Virginia Creeper Vine

August 3, 2022 · 2 minute read
Virginia Creeper Vine

The definition of an Arborist is a person who cares for woody trees, shrubs, and vines, but you will be hard pressed to find me caring for or even about many vines in the landscape. To me, almost any plant that vines and grows up trellises or trees is a problem that can best be solved by severing and killing the vine. This is because most of the vines we deal with in the Richmond landscape are invasive species that spread out of control, damage natural ecosystems, and often damage the plants they are growing up. Be it Wisteria, English Ivy, Poison Ivy, Trumpet Vine, Honeysuckle, or Oriental Bittersweet, I hate it with a passion.  There as usual is always an exception to the rule and in this case, I actually love Virginia Creeper vines!

Virginia Creeper is a native vine that does all the things a good vine should while not causing the damage of most vines. Virginia Creeper is a non-invasive vine that climbs trees and structures, provides food for birds that spread its seeds, has a beautiful fall color, and does not overgrow its host plant. When compared to most other vines, Virginia Creeper is a bit of an anemic grower which means that it can take quite a while to fully grow up a tree and because of its low to moderate vigor, it will not overgrow the canopy of a tree or enshroud the stem with foliage which would otherwise hide possible defects.

Virginia Creeper can be easily confused with another native vine, Poison Ivy, as they have similar growth habits, leaf arrangement, fall color, and hairy vines. Due to this similarity, Virginia Creeper is often lumped together with Poison Ivy and is killed with herbicides when homeowners attempt to rid their property of Poison Ivy. There are several easy ways to tell the two apart; the easiest is the leaflet arrangement on the petioles of the leaf. Both vines have compound leaves which means that each petiole, or leaf stem, has multiple leaflets, unlike a simple leaf which has one leaf surface per petiole. Poison Ivy has three leaves per petiole which leads to the old adage “three leaves don’t touch me (or let it be).” Virginia Creeper has 5 similar shaped and sized leaflets per petiole, and the adage continues “leaves of five, let it thrive.”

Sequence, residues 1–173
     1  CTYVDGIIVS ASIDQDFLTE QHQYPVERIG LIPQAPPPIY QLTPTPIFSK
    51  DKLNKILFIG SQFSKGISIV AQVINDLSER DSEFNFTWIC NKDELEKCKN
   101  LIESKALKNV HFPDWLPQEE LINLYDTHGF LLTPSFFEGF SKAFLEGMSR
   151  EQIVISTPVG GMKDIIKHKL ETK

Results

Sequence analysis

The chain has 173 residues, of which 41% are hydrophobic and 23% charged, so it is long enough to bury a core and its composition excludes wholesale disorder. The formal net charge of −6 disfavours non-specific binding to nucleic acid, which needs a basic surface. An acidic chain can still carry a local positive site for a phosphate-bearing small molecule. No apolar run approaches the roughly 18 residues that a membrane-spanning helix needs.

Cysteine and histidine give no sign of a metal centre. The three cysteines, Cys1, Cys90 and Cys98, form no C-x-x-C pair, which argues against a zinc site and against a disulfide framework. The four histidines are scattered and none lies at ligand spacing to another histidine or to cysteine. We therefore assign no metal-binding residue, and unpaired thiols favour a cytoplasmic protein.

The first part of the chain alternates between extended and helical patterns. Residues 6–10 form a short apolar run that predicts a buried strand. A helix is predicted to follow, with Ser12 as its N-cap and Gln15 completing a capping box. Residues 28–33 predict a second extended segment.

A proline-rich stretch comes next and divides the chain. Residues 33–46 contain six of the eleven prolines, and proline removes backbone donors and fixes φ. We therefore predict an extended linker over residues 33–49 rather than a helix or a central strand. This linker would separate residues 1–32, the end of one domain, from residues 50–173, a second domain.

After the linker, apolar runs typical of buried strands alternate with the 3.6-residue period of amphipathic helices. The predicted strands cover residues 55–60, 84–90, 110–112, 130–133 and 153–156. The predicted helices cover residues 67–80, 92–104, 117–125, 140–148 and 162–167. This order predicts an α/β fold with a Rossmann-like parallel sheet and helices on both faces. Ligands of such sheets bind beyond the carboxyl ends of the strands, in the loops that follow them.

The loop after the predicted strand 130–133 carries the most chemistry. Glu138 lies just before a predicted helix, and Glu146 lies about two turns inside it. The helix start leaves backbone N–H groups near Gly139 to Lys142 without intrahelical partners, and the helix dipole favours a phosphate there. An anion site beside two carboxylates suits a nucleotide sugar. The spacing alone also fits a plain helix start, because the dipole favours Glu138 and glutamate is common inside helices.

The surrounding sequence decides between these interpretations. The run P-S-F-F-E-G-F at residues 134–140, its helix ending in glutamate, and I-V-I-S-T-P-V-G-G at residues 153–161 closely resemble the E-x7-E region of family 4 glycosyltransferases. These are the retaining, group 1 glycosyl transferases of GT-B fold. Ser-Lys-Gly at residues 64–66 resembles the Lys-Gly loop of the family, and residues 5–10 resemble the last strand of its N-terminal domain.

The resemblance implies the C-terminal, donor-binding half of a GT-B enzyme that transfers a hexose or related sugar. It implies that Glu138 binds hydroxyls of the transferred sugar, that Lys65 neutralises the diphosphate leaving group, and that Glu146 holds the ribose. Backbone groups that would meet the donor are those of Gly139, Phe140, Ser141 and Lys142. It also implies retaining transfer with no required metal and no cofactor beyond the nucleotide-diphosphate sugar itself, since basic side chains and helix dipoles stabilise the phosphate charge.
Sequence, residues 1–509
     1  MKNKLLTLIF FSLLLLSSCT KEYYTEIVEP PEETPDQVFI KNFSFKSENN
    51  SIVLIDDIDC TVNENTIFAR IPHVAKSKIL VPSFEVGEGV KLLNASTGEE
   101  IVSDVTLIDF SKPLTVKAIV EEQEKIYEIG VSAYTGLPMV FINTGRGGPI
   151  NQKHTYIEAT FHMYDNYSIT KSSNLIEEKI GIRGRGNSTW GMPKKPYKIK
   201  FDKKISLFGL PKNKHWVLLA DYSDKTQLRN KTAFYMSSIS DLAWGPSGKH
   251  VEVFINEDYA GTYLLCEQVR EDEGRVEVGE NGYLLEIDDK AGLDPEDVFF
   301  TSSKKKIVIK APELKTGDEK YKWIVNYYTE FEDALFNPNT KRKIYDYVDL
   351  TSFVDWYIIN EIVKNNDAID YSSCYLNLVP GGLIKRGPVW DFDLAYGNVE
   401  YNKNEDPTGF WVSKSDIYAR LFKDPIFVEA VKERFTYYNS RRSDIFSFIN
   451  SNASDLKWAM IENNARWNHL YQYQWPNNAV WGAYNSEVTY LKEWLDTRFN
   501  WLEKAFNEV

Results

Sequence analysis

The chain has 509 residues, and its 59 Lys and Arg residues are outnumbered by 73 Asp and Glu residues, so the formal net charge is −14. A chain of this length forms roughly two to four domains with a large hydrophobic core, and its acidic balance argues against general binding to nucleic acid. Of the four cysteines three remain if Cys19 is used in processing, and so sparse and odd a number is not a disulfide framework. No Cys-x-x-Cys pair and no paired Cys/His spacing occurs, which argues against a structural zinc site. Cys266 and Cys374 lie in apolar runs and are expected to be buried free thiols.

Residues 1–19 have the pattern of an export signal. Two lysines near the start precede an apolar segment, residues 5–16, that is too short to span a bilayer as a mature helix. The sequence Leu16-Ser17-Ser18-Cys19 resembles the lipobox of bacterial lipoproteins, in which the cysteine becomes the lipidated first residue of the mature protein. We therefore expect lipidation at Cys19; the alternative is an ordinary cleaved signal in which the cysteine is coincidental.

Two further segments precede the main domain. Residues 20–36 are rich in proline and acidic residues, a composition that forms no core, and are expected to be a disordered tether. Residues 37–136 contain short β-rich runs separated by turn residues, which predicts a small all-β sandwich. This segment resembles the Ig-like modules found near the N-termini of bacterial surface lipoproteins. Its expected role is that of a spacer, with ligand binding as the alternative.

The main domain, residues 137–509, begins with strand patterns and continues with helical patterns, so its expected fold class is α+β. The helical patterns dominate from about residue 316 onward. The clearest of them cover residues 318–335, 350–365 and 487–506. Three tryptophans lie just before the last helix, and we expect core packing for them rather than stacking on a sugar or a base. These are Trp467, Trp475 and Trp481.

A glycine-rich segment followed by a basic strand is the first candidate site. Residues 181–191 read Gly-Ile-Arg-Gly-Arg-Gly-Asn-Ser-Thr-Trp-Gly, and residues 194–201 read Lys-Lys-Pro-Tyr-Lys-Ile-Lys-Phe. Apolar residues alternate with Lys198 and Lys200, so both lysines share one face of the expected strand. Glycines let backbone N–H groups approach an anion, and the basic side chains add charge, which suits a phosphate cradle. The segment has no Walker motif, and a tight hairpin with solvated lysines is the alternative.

The vine of Virginia Creeper also has a similar appearance to that of Poison Ivy as they both produce hair-like structures that help them attach to and hold onto surfaces. Poison Ivy has a much finer and denser amount of “hair” that fully envelops larger diameter vines and I always liken its appearance to that of teddy bear fur. Virginia Creeper has larger and fewer “hair” which usually does not fully envelop the vine and seems to hug and grab onto the surface a bit more.

While I can find a seemingly endless amount of reasons why I hate most vining plants, Virginia Creeper seems to offer a stark contrast. The beautiful orange and red fall color never fail to impress and the beneficial source of food for birds and other animals should be reason enough to allow this native and underappreciated vine to grow in your garden. Do know that the beautiful blueberries are toxic to humans and pets, but it is very unlikely that the fruit will be in an area that can be easily accessed.